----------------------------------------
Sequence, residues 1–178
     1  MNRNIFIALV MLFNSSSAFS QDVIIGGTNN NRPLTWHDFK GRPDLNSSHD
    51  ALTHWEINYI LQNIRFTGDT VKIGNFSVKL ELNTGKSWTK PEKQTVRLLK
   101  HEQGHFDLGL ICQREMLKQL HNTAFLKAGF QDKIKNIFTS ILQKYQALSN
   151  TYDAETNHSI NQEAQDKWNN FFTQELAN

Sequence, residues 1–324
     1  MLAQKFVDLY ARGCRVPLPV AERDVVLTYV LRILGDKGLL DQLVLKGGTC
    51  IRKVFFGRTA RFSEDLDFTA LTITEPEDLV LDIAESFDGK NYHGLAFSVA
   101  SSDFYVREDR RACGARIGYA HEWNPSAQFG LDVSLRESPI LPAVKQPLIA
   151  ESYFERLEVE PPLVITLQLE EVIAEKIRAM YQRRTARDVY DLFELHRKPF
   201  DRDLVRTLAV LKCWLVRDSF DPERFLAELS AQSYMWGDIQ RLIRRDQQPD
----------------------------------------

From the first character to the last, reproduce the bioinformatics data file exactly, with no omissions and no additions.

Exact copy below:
Sequence, residues 1–178
     1  MNRNIFIALV MLFNSSSAFS QDVIIGGTNN NRPLTWHDFK GRPDLNSSHD
    51  ALTHWEINYI LQNIRFTGDT VKIGNFSVKL ELNTGKSWTK PEKQTVRLLK
   101  HEQGHFDLGL ICQREMLKQL HNTAFLKAGF QDKIKNIFTS ILQKYQALSN
   151  TYDAETNHSI NQEAQDKWNN FFTQELAN

Sequence, residues 1–324
     1  MLAQKFVDLY ARGCRVPLPV AERDVVLTYV LRILGDKGLL DQLVLKGGTC
    51  IRKVFFGRTA RFSEDLDFTA LTITEPEDLV LDIAESFDGK NYHGLAFSVA
   101  SSDFYVREDR RACGARIGYA HEWNPSAQFG LDVSLRESPI LPAVKQPLIA
   151  ESYFERLEVE PPLVITLQLE EVIAEKIRAM YQRRTARDVY DLFELHRKPF
   201  DRDLVRTLAV LKCWLVRDSF DPERFLAELS AQSYMWGDIQ RLIRRDQQPD